Although Maathai’s text does not offer us a lot of opportunities to discuss state motherhood or the conflict between women political leaders, there is one instance which exposes the perception about the expected and acceptable relationship between women who compete for political positions. When Maathai ran for the presidency, Charity Ngilu another woman who had been a Member of Parliament before also stood for the same position. Maathai was accused of being a spoiler for Ngilu. In other words according to public opinion, it was okay for men to compete with fellow men for political positions but for two women to stand for the same position, it was not okay. It was considered sabotage for women to compete with fellow women. It is this kind of attitude that keeps the number of women politicians down. By the end of the 1990s there was some little increase in the number of women politicians in Kenya. Maathai reports that, “A record nineteen women ran for parliament and six of them were elected, the most ever. Five of the women MPs represented the opposition. Many more women won seats in local and town councils. I knew how tough they must have survived parliamentary elections in a country where a good African woman was not supposed to be involved in politics”. This was a landmark change for Kenya to have more women join politics. Perhaps with the increase in the number of women at the local level, the needs of women will be addressed even better and Kenyan politics will become more gender sensitive and inclusive.

In conclusion Maathai’s autobiography exposes the vulnerability as well as the resilience of women who engage in politics both individually like her and those who participate collectively like the Green Belt Movement. In postcolonial nation states, women are vulnerable to attacks from state machineries. The patrimonial relationship that the government of Kenya had with its female citizens required silence and humility in the face of oppression not challenges and protests which Maathai engaged in. The article therefore exposes that contradiction that exists between the way the state perceives itself in a genealogical gendered imagination which includes women and how at the same time it excludes and silences women from participating actively in challenging how society is governed.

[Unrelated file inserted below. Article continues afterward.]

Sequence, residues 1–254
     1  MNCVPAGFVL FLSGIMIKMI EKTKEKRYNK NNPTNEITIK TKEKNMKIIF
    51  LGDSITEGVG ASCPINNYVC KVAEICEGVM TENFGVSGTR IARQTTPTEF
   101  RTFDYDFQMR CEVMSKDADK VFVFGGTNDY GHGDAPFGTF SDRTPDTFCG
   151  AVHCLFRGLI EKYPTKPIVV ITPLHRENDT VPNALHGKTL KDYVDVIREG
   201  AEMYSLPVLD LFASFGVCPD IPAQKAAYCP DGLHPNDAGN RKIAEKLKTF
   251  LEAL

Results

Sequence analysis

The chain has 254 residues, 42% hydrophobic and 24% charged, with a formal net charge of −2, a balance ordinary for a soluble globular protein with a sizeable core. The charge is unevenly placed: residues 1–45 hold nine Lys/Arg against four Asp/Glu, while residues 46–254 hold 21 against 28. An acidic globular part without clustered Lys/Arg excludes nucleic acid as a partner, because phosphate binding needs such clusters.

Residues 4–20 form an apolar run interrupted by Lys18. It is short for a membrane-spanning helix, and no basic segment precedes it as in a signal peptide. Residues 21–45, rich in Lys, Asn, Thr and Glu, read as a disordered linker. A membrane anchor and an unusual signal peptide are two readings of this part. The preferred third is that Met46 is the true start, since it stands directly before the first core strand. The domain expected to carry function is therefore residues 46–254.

This article discusses how Wangari Maathai’s life experiences narrated in her autobiography Unbowed offers an opportunity for discussing the contradictions surrounding the perception, place and identity of women in African politics. Against the backdrop of gendered nationalism which glorifies the role and place of women in the construction of nations, the article presents a different reality of how some male leaders of postcolonial nation states like the Kenyan example, silences the voices of women politicians by urging them to behave like ‘proper women’. Maathai’s autobiography demonstrates that the social construction of womanhood in African politics is influenced by socio-cultural and patriarchal ideologies that construct the ideal African woman as the docile one, the one who does not question male authority. Maathai’s autobiography becomes a lens that can be used to view and question the social construction of womanhood versus manhood and the influence on gender power relations on women’s participation in the politics of the postcolonial nation states in Africa.


Agency Report

Add Comment

Your email address will not be published. Required fields are marked *

I accept the Privacy Policy